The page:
After a humbling 6-1 shellacking at the hands of the current European champions, the Korean National Team searches for redemption in Prague against a Czech Republic side eager to head into the Euros running.
If you still aren’t acquainted with the call-ups, you can find them HERE.
The biggest piece of team news since the Spain friendly is that captain Ki Sung-yueng will miss out on this friendly due to injury. He missed out on the first training session in Europe because of discomfort in his right knee, but injury concerns were largely dispelled after playing full time against Spain. Unfortunately, it seems like the injury has returned and Ki did not participate in training in Prague. You’ll recall that he has had issues with that knee in the past (tendinitis) and had to have surgery last summer.
Stielike was sure to reassure the media that it wasn’t a “serious” injury for Ki, and he’s instead missing out in order to prevent further damage, especially since later this month Ki must report to his mandatory two-week military training.
This is a considerable blow as we know full well that the KNT struggles without Ki’s usual consistency in midfield, although he was largely disappointing against Spain, particularly because he didn’t demonstrate that reassuring and commanding leadership that is needed in moments of relapse akin to the ones that the KNT suffered on Wednesday.
It’s expected that Stielike will rotate quite a bit in this match in order to allow all players who made the trip to Europe to get a start. Stielike confirmed this at the press conference in Prague, saying, “We brought a smaller selection of 20 players to ensure that all players had a chance to play.” With that in mind, here’s my guess on how the KNT will line-up tomorrow:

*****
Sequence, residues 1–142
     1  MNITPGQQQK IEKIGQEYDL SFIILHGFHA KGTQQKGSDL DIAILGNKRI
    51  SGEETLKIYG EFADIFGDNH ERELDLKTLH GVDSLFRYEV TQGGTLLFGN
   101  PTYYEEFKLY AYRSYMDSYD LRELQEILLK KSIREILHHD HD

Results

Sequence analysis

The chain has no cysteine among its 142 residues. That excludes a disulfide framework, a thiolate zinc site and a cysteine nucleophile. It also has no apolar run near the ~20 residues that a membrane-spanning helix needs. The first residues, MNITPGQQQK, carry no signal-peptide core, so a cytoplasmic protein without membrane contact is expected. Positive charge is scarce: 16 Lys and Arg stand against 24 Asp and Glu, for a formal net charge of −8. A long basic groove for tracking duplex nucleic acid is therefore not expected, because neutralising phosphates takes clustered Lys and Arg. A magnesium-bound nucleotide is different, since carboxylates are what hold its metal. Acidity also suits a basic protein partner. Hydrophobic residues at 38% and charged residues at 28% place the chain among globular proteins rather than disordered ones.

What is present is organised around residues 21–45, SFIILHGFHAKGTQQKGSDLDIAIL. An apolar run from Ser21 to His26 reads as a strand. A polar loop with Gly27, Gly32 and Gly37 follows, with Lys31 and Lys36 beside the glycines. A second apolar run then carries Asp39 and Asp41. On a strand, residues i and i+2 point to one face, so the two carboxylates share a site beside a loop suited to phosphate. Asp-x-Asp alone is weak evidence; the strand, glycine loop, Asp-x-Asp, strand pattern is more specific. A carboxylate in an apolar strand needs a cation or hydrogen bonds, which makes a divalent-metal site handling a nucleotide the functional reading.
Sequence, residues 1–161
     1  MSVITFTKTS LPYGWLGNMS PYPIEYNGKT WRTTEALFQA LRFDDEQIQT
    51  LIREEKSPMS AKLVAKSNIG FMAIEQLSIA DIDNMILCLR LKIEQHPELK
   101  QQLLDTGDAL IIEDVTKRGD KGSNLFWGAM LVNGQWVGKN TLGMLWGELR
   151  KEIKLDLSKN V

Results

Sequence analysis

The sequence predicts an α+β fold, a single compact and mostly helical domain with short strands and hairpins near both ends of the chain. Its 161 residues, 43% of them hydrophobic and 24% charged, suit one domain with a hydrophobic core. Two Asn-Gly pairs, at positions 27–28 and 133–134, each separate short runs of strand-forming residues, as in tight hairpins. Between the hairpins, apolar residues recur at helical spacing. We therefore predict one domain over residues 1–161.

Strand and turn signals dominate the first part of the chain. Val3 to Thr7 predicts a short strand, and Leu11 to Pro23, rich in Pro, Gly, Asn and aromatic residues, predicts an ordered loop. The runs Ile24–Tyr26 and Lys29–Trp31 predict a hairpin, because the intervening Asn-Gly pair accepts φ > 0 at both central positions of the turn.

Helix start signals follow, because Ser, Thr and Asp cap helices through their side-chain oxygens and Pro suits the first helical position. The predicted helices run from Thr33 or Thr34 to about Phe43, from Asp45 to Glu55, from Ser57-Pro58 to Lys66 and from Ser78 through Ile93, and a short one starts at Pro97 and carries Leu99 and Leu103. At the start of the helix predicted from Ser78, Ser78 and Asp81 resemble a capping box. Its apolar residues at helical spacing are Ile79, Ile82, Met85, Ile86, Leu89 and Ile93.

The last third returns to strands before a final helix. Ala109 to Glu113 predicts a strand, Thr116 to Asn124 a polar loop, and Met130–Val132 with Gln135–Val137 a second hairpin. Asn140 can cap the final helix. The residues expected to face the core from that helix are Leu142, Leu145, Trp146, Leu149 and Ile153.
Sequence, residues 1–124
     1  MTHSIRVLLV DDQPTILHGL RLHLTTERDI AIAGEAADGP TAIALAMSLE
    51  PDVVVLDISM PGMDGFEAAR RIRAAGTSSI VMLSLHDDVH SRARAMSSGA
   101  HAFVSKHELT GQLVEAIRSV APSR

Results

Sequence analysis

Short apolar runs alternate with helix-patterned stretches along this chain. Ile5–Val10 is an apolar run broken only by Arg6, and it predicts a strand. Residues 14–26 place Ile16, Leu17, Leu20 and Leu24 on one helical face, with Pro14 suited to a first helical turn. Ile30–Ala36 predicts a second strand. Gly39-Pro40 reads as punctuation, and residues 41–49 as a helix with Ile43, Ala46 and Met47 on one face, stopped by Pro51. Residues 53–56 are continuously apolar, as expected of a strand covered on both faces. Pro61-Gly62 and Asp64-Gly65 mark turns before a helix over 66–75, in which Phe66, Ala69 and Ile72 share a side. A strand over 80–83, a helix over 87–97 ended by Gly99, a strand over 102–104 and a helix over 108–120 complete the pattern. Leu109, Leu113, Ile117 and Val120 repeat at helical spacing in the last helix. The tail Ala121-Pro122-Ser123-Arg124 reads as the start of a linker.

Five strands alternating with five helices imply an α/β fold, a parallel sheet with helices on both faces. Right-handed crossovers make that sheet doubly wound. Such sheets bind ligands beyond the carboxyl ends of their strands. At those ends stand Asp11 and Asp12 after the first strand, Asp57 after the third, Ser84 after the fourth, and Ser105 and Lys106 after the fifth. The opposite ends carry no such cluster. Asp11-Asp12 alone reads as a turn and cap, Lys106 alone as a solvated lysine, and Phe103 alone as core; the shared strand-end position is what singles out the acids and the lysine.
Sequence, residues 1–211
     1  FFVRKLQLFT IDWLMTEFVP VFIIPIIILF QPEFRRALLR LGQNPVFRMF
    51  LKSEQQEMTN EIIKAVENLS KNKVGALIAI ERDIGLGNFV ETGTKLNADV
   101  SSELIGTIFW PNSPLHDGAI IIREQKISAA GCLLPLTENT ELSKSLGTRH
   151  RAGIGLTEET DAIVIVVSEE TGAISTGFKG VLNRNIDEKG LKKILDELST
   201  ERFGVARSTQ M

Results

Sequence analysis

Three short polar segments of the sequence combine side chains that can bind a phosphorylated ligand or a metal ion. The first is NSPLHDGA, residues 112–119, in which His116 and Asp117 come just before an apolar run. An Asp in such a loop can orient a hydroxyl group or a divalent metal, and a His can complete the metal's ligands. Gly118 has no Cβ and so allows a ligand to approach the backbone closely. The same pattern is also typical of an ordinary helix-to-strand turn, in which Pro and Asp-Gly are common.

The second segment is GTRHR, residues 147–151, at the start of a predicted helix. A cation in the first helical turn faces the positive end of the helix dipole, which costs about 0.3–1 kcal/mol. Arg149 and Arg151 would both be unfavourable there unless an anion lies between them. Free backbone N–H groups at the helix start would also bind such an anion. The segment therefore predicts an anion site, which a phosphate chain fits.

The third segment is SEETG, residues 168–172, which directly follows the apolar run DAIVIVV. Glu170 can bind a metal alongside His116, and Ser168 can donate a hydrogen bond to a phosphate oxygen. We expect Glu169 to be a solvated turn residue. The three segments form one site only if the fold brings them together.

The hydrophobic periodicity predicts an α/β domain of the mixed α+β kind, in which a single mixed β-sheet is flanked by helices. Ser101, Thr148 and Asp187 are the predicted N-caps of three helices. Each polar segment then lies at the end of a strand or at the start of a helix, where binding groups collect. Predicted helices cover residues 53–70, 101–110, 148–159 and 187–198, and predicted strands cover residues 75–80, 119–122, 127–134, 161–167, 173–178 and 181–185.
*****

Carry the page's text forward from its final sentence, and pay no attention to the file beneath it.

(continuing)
Two things to keep in mind: Rim Changwoo is there as left back because I’m not sure if Stielike will play Yoon Sukyoung again, seeing how Uli did end up calling up three right backs (Rim, Lee Yong and Jang Hyunsoo). Secondly, this would mean that Yoon Bitgaram would not get a start, though I would find it absurd for Stielike to play any one of Jung Wooyoung, Joo Sejong or Yoon as number #10.
The Czechs didn’t have an easy road to the European Finals, having to go through Turkey, resurgent Iceland and surprise omission Netherlands. They find themselves in a tricky group with Turkey, Spain and Croatia. For more on our opponents, I put some questions to our good friend Tomas Danicek of Sandals For Goalposts’. Although he’s usually providing insight in the Asian football sphere (and that, with brilliant detail and knowledge), it so happens that he is a Czech!
1. We all saw Korea get shellacked by Spain earlier this week. Is there a possibility in your view that a similar result could be on the cards against the Czechs?
Not a chance, in my opinion. Not just because we are not Spain level quality-wise, obviously, but also because we simply do not destroy opponents. Throughout the whole qualifiers, our greatest goal margin was 2 goals – away to the lowly Kazakhstan – and that was it. Granted, it was a rather competitive group without a real minnow, but it’s still quite shocking. Also, our style isn’t exactly possession-based, we don’t look to dictate tempo that much, so even the whole outlook of the game should be noticeably different; if anything, this is the match Ki Sung-yueng and others can easily shine.
2. Could you give us a couple Czech players to look out for?
Tomáš Rosický is still an undisputed brain of this side, proper football genius for me, who drives the game like nobody else around does. It will be interesting to see him go head-to-head with a guy I have boldly dubbed ‘Korean Rosický’, ie. Lee Jae-sung (tongue-in-cheek, but also pretty accurate comparison, I swear!).
From the younger crop, Vladimír Darida is a fine box-to-box midfielder, highly rated in Bundesliga and the engine of this team. At right back, there’ll be an exciting attacking fullback, let it be Pavel Kadeřábek or Theo Gebre Selassie. And finally, Jiří Skalák can give Korean defenders proper headache; very cheeky, very agile right wing / second striker, who will look for fouls around the box and will be highly motivated since he’s fighting for a starting spot thanks to injury troubles of Bořek Dočkal (our main scorer in the qualifiers).
3. In general, how do the Czechs play? What is their general approach to the game and what are their strengths/vulnerabilities?